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- Orthodox Church in America discovers an evangelical soul
Sunday, September 05, 1999
By Ann Rodgers-Melnick, Post-Gazette Staff Writer
LIGONIER -- Orthodox Christians in North America "are now going through our own Great Awakening," the Serbian Orthodox primate of the United States told 100 people at a conference on Orthodox missions and evangelism.
For the first time in 100 years, there is a growing vision for a truly American expression of Orthodoxy, said Metropolitan Christopher of the Serbian Orthodox Church of Midwestern America. Beyond that, he said, an unexpected influx of evangelical Protestant converts to Orthodoxy has enabled its churches to look beyond their own ethnic communities and preach the gospel to all who need to hear it.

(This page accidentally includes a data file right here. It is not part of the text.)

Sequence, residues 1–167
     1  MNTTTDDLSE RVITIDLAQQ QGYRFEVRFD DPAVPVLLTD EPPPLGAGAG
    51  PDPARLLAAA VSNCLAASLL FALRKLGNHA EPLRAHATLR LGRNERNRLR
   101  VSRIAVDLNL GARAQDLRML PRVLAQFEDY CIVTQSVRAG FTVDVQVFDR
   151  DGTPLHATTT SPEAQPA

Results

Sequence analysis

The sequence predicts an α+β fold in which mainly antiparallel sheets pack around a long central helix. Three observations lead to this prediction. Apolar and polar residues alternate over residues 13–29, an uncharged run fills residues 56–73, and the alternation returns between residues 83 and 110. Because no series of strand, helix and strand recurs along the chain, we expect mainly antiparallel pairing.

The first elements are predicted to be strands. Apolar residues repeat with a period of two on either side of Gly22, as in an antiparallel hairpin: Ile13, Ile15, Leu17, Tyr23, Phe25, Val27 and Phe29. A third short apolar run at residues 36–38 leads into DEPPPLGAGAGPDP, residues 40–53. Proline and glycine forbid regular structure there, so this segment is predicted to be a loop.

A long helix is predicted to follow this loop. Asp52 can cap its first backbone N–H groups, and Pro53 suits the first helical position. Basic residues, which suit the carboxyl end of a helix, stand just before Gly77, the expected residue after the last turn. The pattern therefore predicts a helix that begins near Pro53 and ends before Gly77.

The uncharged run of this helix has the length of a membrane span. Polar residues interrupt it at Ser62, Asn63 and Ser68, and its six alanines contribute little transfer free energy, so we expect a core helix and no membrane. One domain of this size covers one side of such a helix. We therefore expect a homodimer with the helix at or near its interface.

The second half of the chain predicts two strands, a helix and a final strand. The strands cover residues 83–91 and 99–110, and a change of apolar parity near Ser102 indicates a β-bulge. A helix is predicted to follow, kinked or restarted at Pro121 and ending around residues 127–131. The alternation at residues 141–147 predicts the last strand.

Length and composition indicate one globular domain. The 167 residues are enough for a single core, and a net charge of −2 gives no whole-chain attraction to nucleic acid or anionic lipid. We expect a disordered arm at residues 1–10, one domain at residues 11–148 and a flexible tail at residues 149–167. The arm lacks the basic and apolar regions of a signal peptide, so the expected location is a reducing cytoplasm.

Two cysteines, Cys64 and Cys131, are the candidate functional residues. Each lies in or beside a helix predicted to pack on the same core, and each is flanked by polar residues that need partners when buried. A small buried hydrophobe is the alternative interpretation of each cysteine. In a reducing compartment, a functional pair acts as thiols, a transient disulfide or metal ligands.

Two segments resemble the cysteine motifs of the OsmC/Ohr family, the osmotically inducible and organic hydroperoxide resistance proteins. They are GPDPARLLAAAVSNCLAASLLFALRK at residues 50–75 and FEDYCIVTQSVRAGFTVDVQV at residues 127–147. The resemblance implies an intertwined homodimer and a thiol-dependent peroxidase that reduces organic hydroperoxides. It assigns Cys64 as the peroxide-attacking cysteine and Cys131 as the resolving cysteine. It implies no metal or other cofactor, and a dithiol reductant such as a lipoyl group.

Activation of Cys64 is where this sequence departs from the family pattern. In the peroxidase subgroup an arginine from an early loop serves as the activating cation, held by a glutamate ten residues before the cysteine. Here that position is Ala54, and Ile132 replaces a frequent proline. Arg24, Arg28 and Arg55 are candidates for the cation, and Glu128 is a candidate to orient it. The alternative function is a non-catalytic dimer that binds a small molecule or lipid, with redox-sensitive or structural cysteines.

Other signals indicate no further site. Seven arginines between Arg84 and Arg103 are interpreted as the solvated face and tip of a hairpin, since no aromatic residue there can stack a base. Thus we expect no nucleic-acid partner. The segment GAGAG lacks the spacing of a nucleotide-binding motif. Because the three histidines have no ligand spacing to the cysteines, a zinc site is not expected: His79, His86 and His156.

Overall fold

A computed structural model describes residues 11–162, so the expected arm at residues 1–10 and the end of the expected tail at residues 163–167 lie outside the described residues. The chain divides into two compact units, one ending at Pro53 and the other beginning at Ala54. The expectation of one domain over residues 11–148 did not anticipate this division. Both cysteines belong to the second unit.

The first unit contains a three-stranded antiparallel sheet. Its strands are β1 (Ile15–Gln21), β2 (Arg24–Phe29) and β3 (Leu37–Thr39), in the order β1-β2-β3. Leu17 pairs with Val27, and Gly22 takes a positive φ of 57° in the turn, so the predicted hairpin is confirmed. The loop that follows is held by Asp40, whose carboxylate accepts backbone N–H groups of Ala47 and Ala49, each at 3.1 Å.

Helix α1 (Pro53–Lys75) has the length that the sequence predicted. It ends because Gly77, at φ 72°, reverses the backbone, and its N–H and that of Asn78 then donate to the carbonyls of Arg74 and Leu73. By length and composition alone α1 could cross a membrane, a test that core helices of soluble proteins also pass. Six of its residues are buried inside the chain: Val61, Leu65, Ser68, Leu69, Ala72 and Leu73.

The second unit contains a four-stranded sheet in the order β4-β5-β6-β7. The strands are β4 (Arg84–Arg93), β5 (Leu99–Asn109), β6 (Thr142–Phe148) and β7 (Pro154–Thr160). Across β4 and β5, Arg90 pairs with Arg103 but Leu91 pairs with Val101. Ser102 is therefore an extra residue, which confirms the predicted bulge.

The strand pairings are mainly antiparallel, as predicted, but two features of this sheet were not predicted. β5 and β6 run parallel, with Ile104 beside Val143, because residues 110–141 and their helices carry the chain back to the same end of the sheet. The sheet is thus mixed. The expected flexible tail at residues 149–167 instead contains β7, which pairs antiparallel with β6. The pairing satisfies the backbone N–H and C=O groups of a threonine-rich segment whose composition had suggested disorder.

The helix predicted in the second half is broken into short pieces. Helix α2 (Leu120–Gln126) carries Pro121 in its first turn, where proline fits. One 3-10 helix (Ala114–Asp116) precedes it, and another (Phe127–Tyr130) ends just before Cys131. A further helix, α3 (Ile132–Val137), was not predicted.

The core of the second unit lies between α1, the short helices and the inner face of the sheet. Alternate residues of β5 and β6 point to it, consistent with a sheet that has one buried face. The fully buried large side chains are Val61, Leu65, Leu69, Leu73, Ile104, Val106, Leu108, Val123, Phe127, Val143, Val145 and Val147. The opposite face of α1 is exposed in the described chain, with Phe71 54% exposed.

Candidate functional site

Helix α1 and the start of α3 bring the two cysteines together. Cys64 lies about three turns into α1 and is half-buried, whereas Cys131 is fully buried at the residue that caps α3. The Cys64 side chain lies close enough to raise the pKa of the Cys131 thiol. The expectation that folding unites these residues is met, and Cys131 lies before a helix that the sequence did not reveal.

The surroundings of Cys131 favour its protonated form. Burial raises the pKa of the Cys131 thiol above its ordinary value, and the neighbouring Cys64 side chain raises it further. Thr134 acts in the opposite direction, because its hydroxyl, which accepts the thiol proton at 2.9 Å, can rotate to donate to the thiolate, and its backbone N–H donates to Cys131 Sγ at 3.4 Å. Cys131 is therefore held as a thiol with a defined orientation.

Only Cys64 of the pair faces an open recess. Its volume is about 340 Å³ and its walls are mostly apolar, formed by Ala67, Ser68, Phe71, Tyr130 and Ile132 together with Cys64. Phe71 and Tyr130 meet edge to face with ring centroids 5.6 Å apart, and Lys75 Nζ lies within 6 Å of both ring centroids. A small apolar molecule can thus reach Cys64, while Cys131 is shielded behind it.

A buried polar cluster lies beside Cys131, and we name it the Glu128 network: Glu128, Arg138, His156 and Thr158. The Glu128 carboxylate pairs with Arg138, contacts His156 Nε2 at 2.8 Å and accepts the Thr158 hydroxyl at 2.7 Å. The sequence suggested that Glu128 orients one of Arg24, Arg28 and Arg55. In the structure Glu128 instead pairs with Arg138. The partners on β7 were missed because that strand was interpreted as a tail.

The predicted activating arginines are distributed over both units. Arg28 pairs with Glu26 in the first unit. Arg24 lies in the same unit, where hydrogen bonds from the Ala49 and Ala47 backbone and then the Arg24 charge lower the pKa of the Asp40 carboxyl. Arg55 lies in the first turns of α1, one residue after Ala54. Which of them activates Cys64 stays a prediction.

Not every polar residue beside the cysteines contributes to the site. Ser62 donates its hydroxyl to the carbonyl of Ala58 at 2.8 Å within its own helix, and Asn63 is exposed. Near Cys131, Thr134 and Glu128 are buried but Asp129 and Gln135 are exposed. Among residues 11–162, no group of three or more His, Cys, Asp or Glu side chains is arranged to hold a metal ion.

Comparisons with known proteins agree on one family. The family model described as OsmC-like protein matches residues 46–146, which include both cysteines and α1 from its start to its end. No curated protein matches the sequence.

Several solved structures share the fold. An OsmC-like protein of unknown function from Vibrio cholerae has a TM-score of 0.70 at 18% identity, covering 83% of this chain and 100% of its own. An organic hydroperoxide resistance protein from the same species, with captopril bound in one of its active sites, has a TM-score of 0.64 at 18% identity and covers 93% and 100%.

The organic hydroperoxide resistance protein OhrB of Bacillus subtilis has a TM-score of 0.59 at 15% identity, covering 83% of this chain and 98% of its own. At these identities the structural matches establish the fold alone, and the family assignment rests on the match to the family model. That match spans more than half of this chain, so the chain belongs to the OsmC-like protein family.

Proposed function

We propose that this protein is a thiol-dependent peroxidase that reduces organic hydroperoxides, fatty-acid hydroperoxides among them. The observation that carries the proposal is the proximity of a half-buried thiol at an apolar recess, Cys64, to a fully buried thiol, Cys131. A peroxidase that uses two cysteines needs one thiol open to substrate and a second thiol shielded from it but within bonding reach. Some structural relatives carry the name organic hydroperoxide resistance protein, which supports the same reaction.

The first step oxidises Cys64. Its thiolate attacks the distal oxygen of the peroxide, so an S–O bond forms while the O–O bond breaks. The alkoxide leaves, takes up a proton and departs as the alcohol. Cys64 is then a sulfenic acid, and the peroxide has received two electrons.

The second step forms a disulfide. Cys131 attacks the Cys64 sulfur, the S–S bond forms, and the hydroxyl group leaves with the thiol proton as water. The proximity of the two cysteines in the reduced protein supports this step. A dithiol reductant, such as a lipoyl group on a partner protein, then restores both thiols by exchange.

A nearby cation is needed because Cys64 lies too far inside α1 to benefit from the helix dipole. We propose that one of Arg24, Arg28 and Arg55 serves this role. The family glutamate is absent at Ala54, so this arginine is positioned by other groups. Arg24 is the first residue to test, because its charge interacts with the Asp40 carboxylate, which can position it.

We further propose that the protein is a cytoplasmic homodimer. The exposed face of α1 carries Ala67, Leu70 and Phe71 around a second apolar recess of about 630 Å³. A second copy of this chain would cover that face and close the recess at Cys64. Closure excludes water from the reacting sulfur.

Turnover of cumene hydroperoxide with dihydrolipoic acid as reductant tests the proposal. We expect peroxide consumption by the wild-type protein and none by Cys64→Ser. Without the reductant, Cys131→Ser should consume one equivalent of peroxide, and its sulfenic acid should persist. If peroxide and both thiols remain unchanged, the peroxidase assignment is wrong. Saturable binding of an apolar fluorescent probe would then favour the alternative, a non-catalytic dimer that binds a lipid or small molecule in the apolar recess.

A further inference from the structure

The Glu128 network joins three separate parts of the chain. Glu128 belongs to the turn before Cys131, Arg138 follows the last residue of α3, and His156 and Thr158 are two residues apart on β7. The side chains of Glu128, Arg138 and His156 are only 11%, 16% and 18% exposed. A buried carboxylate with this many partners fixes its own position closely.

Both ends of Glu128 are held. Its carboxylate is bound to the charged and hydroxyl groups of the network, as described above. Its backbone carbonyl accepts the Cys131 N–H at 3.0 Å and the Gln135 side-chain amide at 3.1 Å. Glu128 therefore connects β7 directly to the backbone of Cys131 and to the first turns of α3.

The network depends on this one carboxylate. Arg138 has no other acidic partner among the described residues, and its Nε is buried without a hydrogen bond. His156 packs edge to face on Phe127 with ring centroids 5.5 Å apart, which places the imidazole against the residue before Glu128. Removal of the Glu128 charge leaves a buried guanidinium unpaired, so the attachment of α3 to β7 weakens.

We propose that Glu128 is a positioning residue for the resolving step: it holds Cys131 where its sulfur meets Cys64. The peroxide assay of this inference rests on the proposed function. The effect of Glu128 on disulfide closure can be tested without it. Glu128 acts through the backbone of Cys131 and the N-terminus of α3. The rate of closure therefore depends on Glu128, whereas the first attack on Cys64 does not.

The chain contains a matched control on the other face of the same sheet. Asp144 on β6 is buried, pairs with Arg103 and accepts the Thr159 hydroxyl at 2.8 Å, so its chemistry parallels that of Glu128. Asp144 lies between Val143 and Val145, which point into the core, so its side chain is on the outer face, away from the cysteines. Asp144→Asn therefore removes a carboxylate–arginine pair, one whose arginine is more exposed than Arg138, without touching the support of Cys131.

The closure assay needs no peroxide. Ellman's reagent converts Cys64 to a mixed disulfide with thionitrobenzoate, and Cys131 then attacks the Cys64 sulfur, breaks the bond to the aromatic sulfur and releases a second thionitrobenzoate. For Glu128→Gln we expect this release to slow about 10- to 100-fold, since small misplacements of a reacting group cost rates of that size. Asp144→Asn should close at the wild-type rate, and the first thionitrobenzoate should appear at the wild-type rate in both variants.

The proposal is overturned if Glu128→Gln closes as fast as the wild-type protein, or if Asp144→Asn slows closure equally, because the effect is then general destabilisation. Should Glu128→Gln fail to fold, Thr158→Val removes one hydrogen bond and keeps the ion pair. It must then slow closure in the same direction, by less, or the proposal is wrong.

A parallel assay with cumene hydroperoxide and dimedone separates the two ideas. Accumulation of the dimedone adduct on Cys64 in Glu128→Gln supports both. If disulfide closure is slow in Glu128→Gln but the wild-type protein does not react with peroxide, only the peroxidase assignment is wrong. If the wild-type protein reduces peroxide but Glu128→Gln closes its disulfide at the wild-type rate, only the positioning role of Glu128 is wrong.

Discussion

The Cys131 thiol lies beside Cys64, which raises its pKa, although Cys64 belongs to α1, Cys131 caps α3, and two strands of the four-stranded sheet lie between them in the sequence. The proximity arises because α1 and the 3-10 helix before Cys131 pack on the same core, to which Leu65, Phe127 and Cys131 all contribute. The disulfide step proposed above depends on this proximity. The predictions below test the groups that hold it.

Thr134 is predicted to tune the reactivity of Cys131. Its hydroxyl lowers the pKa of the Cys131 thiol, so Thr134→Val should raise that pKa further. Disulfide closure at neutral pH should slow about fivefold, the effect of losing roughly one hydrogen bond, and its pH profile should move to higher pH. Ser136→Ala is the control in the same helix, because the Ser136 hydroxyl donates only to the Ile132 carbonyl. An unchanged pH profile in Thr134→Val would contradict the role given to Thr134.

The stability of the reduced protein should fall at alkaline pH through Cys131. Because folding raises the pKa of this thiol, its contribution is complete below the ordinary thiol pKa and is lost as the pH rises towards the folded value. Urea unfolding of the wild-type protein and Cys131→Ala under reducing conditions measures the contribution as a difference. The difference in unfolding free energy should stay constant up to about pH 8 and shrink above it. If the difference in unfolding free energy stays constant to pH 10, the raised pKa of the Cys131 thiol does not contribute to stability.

"After 100 years ... that evangelical group was summoned by the Holy Spirit to make contributions to the Orthodox Church in this society," Christopher said.
The conference, which met at the Antiochian Village retreat center, was founded by the Antiochian Orthodox Archdiocese, a church with Middle Eastern roots to which many of the converts have flocked. But it is now sponsored by the pan-ethnic Orthodox Christian Mission Center.
In the past decade the Antiochian archdiocese has started 65 new churches, bringing its total to 250. Active membership has increased from 225,000 to 250,000, said the Rev. Peter Gillquist, archdiocesan director of missions and evangelism and one of the original evangelical converts.